The policy debate would be more productive if we asked ourselves what we should not do about ISIS. Having made the world safe for democracy in the 20th century, Americans are naturally disposed to want to meet great ideological challenges. But the struggle against ISIS is a political and theological fight that is largely beyond the United States. The group is successful at this moment because of a series of failures—of the Iraq project that began in 2003, of the Arab republics, of the Arab uprisings, of the Muslim Brotherhood’s experiment with governance, of shortsighted policy in Libya—that have made its claims about authenticity, citizenship, and religion attractive to young men and women grappling with these failures. At the same time, there are millions of Arabs and Muslims who do not want to live in ISIS-land, and who have begun to respond to the threat that Abu Bakr al-Baghdadi represents. Read more »

Weekend Reading: Rediscovering Saddam, Revisiting Tunisia’s Democracy, and Reviewing the Islamic State

by Steven A. Cook Friday, June 12, 2015
Saddam Hussein testifies during his trial in Baghdad, Iraq, June 12, 2006 (Jacob Silberberg/Reuters). Saddam Hussein testifies during his trial in Baghdad, Iraq, June 12, 2006 (Jacob Silberberg/Reuters).

Victor Argo revisits the persona of longtime Iraqi dictator Saddam Hussein.

Nadia Marzouki and Hamza Meddeb question the assumptions behind the claim that Tunisia is a democratic success story. Read more »

Turkey Comes Undone

by Steven A. Cook Wednesday, June 10, 2015
Selahattin Demirtas, co-chairman of the pro-Kurdish Peoples' Democratic Party (HDP) holds a ballot paper at a polling station during the parliamentary election in Istanbul (Yagiz Karahan/Reuters). Selahattin Demirtas, co-chairman of the pro-Kurdish Peoples' Democratic Party (HDP) holds a ballot paper at a polling station during the parliamentary election in Istanbul (Yagiz Karahan/Reuters).

This article was originally published here on The American Interest on Wednesday, June 10, 2015.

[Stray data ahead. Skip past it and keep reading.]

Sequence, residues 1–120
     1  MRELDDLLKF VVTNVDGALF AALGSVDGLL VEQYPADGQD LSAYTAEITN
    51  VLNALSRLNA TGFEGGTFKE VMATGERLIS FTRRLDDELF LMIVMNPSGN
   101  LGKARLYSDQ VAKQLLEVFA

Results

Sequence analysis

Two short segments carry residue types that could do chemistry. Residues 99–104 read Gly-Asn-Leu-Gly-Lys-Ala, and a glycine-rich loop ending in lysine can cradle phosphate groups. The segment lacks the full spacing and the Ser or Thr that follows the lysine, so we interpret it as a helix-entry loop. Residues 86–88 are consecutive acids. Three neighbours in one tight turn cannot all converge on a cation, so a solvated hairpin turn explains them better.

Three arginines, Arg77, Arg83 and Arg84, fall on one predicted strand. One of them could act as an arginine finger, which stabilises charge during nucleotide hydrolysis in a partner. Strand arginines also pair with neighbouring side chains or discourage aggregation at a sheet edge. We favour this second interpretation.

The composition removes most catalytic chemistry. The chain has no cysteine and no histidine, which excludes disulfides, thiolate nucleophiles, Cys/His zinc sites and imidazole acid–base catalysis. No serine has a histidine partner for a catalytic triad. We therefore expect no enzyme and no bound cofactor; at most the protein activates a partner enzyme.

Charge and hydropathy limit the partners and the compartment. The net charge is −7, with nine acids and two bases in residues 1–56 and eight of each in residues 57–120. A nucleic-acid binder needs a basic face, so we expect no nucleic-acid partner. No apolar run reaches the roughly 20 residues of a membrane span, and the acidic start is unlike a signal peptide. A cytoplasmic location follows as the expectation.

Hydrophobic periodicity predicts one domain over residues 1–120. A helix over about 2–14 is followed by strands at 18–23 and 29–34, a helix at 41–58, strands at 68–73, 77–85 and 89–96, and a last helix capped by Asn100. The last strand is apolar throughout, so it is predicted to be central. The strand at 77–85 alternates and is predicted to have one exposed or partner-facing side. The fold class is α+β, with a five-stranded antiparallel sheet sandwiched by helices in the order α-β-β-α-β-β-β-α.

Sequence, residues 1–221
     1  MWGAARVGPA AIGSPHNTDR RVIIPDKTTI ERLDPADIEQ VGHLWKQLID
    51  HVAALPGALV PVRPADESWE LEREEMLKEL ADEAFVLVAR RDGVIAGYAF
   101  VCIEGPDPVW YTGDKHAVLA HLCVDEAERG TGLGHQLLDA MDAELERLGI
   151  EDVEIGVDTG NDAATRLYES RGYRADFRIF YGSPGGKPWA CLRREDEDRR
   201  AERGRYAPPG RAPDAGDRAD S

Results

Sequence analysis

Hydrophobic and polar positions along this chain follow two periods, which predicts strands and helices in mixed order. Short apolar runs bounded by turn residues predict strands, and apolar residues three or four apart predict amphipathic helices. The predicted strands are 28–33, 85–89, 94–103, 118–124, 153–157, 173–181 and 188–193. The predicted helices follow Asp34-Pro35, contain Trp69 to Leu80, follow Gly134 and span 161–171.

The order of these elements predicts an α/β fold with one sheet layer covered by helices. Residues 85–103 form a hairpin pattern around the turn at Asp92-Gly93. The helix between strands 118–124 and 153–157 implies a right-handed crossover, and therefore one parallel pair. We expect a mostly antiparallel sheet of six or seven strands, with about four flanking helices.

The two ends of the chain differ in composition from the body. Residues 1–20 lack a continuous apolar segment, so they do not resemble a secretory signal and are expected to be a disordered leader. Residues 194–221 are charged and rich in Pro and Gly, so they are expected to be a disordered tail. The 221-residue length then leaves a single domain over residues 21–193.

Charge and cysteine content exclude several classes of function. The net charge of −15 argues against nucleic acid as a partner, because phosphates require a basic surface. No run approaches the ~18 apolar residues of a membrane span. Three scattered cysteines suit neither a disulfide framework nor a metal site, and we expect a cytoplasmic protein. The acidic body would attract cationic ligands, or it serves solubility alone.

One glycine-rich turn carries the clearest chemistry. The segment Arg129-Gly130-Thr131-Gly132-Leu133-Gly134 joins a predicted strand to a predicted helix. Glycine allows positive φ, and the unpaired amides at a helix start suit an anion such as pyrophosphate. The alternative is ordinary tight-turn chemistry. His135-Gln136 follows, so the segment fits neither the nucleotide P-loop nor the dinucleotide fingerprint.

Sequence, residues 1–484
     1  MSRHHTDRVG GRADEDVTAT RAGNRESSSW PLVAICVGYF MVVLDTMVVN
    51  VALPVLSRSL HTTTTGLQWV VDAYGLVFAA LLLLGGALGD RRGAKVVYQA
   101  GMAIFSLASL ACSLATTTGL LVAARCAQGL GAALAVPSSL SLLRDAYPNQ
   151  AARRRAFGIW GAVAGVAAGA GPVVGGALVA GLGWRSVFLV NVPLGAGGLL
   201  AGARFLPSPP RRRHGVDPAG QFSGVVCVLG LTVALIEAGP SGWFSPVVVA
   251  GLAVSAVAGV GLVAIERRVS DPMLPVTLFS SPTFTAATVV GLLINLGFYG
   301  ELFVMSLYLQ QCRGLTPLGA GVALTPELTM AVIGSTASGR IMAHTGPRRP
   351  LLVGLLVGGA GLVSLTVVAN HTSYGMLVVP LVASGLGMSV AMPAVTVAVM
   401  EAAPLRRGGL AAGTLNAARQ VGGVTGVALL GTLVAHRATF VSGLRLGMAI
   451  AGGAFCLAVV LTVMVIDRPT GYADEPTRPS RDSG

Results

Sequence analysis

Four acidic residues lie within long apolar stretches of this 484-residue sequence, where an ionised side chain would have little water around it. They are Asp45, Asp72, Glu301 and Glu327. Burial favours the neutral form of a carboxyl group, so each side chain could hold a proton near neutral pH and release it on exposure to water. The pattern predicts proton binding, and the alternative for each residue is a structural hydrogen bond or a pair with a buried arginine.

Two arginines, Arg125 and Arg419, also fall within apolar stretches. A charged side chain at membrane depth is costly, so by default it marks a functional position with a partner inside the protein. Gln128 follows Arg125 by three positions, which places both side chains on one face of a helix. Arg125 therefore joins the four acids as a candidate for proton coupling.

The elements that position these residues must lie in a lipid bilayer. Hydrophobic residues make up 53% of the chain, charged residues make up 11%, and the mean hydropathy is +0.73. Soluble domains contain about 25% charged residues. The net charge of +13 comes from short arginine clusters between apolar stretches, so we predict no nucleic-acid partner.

Turks can be forgiven for the party they threw themselves late Sunday, stretching into Monday morning. They voted in droves in what was widely regarded as the most important general election in more than a decade and dealt the ruling Justice and Development Party (AKP) a significant blow. After garnering nearly 50 percent of the vote in the 2011 parliamentary elections, the AKP ceded about 9 percentage points to a combination of the Nationalist Movement Party (MHP) and the People’s Democratic Party (HDP), a new Kurdish-based group that will enter the Grand National Assembly for the first time. The AKP’s result translates into a loss of either 68 or 69 seats (officials results have yet to be released), meaning that the party will need to find a coalition partner if it wants to continue governing—something it has never had to do. It is true that the AKP still commands the largest number of votes by a significant percentage, but it no longer seems so invincible. President Recep Tayyip Erdogan, the central figure in Turkish politics, who made the elections about himself and his ambition to transform Turkey from a hybrid parliamentary-presidential system to a purely presidential system is no doubt diminished by the result. Erdogan, who once rode to power on a broad coalition of liberals, the pious, Kurds, big business, and average Turks, is now a deeply polarizing figure for many. Read more »

Weekend Reading: Debunking Iraq’s Myth, Demolishing History in Egypt, and Biking Syria’s Civil War

by Steven A. Cook Friday, June 5, 2015